The centrists of Kadima are becoming the leading party in Israel: a success for Ehud Olmert, the former right-hand man of Ariel Sharon.
He has done it; Ehud Olmert cast aside his grey bureaucrat's suit and became a statesman recognised by the people. However, Kadima’s election victory will force him into a coalition with Labour party members and minor parties. Despite this, the acting Israeli Prime Minister has received an appointment from the ballot box that until then had only been granted by good will and Ariel Sharon's illness.
Olmert has won a future as head of the government, without being able to boast, unlike almost all of his predecessors, of a glorious military past. His winning weapon has been pragmatism. A pragmatism that has lead him to difficult choices in a country whose politics have mainly been inspired by ideologies and dogmas.
It all started in Jerusalem
The son of ultranationalist farmers, and in politics since the sixties, Olmert
saw the turning point of his career in 1993, when he was elected as Mayor of Jerusalem. He remained in office for a decade. It was a period where he concerned himself with the administration of the Holy City, and began a slow yet unrelenting climb to the upper levels of the administration, under the protective wing of Ariel "the bulldozer" Sharon.
"He has no particular merits" says Gerald Steinberg, lecturer at the university of Bar-Ilan, "maybe his main virtue is that very thing, there is nothing exceptional yet nothing dreadful about him. That's how he always manages to to be so dynamic." During his time in Jerusalem he began to believe more strongly in the consolidation of the Jewish State. It was this belief which led him to support the reinforcement of the Israeli presence in the eastern part of the city and to consolidate the occupation which began with the war of '67. The same belief would lead him years later to inspire the premier Sharon to carry out a unilateral withdrawal from Gaza.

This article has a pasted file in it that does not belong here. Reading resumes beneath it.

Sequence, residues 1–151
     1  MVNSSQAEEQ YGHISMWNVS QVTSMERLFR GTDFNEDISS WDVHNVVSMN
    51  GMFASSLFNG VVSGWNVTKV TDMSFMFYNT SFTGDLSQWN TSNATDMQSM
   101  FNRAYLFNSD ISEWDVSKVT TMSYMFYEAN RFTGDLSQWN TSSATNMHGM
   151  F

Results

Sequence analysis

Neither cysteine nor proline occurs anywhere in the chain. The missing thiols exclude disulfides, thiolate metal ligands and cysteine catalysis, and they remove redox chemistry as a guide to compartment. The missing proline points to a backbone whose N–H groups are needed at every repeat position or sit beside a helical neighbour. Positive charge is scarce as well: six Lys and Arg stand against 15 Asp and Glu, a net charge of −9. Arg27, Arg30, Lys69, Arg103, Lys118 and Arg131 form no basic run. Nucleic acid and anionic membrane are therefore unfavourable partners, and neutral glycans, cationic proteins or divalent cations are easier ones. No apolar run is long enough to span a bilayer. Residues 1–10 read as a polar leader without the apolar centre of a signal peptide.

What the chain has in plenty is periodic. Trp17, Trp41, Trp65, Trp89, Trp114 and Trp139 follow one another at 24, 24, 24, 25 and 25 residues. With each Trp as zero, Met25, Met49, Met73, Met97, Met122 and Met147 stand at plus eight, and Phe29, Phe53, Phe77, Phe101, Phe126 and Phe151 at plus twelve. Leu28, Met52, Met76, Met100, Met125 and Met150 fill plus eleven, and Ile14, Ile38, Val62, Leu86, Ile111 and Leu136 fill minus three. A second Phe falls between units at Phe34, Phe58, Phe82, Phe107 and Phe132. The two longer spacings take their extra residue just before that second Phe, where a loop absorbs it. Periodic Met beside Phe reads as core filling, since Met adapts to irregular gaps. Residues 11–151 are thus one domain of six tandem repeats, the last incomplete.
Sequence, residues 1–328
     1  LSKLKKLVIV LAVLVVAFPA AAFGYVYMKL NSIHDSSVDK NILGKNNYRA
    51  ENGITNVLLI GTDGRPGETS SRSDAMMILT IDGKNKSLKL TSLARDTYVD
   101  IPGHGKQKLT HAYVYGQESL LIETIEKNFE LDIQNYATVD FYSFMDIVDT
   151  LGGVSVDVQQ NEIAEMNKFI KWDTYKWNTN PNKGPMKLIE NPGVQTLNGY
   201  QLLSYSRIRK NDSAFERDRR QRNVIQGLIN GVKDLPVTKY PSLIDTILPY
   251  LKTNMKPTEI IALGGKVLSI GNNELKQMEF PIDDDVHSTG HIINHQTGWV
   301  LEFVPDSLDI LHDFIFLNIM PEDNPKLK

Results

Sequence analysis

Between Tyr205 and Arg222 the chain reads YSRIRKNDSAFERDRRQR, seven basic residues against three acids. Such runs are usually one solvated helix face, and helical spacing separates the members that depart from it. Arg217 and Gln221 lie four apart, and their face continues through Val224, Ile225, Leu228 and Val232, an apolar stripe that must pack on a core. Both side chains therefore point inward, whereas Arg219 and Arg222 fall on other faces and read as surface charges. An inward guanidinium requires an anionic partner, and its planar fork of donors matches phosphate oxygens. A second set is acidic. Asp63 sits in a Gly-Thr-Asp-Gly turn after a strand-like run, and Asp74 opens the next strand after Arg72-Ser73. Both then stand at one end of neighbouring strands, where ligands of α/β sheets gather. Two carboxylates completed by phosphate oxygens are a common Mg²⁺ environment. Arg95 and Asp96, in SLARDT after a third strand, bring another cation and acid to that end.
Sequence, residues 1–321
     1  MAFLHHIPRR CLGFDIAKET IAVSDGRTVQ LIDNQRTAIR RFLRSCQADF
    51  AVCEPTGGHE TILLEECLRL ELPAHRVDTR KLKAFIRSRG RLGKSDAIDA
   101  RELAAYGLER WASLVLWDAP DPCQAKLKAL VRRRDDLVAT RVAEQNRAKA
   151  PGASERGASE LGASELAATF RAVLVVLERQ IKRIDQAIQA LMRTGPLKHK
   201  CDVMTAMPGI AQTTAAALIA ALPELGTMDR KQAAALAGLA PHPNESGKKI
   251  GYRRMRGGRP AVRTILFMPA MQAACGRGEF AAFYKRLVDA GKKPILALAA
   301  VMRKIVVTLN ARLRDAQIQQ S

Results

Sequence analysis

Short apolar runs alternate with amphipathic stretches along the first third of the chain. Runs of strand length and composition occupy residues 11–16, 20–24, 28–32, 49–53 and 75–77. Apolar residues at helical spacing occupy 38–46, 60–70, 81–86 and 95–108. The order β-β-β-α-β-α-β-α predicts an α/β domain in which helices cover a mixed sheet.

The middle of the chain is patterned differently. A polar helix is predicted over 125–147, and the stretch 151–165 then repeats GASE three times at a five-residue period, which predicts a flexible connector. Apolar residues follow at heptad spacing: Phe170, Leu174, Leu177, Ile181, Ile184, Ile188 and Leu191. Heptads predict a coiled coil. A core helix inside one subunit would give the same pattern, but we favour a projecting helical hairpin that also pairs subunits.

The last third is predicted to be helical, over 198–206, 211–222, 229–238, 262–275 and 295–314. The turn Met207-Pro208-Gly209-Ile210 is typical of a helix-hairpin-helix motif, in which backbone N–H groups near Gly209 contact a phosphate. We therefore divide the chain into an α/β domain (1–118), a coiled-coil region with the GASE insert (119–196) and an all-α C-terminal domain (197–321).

It is a path which some have branded as incoherent but which on the contrary reflects the spirit which inspired the birth of the Kadima party: the objective is to provide Israel with definite borders, annexing part of the occupied territories and leaving the rest to the Palestinians. The plan is to proceed unilaterally, sealing the borders of Israel without entering into peace negotiations with the Palestinians.
hitkansut, or consolidation
This philosophy is no longer inspired by the old concept of disengagement but by the new spirit of hitkansut, consolidation or grouping in Hebrew. Secure borders for the Jewish state and a clearly separated future Palestinian state on the other side of the barrier. This is an epoch-making change because it breaks a taboo: it means abandoning a large part of the Biblical lands of Judea and Samaria. It signifies the end of the dream.
It has been a victorious choice: the Israeli electorate, the great majority being secular, has rewarded Olmert. It is a success that reaches beyond the magnetic pull that Sharon continues to exert from his hospital bed. As
neither predator nor prey, the new centre formation has managed to convince both right and left in a public sphere which has long tired of stalemate.
Hamas' victory in Palestine has given an encouraging push in the same direction: the need to find a stable path to follow without betting on an agreement with age-old adversaries.
The pragmatic Olmert, the politician with no military pedigree, has successfully interpreted the mood of his country. From today onwards it is his duty to assure them a secure position on a new page of Middle Eastern history.